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I am now pursuing a master in Optics in Germany and decide to apply to PhD programs of Optics/Applied Physics/ECE in US for 2023fall. My research interest is on experimental quantum information. Here in Germany, the study programs of applied science fields like to encourage/require students to get experience in Industry. But I am worrying whether this kind of experience is helpful to PhD applications in US. The kind of work I am doing is like use the physics principle to come up with a design and implement XXX to achieve certain engineering objective, not very much research on the physics side. I have heard peers saying many people in US have years of working experience before they apply to Phd, so I am not in a favorable situation. Is it true?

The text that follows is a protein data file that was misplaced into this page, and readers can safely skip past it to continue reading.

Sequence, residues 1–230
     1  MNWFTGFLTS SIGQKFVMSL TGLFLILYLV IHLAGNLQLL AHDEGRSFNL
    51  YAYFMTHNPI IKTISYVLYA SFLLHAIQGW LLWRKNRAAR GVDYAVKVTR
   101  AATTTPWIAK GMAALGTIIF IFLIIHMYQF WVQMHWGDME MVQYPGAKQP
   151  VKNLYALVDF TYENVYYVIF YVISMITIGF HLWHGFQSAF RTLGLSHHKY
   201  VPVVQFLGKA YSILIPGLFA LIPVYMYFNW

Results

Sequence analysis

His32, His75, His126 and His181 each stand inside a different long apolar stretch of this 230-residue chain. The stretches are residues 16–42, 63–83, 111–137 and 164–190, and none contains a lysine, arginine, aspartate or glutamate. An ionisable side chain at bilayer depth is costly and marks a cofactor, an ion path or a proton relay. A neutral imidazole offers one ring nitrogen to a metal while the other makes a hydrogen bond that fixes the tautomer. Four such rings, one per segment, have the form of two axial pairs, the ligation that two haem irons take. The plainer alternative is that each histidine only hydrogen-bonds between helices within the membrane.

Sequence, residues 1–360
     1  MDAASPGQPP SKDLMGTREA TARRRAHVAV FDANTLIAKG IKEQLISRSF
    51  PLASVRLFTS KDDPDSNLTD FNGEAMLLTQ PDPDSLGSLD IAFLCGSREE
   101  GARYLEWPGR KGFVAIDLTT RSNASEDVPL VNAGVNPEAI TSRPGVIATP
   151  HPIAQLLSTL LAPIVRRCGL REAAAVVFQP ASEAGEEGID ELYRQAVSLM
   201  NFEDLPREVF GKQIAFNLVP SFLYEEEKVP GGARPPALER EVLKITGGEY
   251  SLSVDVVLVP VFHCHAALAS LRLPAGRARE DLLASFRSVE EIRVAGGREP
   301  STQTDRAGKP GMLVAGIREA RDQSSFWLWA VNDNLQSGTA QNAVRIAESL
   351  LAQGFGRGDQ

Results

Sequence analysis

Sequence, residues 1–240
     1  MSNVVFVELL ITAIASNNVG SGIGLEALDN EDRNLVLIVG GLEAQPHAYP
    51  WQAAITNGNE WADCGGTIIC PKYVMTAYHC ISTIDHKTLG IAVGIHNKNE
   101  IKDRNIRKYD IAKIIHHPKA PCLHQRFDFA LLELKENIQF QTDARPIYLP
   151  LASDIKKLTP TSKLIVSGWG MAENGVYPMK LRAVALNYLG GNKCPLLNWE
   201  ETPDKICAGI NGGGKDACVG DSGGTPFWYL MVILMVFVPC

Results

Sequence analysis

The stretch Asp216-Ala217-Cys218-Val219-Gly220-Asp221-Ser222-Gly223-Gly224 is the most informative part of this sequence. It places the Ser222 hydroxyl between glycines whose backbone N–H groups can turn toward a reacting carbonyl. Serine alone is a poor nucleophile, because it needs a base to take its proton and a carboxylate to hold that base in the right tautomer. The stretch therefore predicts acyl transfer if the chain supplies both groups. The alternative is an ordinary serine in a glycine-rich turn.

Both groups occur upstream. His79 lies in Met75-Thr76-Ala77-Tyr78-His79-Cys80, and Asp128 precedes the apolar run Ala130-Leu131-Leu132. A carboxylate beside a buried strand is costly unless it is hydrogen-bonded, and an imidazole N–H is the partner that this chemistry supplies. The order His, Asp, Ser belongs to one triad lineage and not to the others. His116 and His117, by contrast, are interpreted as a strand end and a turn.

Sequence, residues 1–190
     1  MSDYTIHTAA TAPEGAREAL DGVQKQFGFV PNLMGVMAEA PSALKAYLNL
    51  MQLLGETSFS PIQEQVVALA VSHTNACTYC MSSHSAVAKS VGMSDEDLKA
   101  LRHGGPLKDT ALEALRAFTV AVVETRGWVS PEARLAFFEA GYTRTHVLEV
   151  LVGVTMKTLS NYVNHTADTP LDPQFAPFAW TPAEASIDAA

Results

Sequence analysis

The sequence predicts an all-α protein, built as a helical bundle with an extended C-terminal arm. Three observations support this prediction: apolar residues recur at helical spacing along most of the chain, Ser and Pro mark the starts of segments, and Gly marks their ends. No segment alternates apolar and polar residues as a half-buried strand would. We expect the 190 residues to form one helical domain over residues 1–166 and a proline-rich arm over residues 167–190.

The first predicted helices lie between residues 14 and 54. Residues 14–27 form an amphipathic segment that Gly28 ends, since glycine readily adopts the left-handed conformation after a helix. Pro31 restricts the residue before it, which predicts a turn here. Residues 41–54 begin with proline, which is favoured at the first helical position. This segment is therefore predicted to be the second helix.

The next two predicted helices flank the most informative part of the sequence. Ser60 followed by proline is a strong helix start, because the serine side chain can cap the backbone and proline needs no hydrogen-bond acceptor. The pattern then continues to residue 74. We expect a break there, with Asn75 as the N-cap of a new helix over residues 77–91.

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    This is our general Q&A for US PhD admissions: academia.stackexchange.com/questions/38237/… The US has no national system for university education; admission is up to whatever the people serving on the admissions committee (professors, typically) want it to be. Broadly, you'll be evaluated based on the opinion of the people on the committee that you demonstrate excellent potential as a researcher; you'll be admitted if you're one of the top N applicants to the program that cycle.
    – Bryan Krause
    Commented Oct 28, 2022 at 18:31
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    @ScottSeidman Very useful, thank you. I didn't see this post before. Search engine sucks XD. Commented Oct 28, 2022 at 19:22

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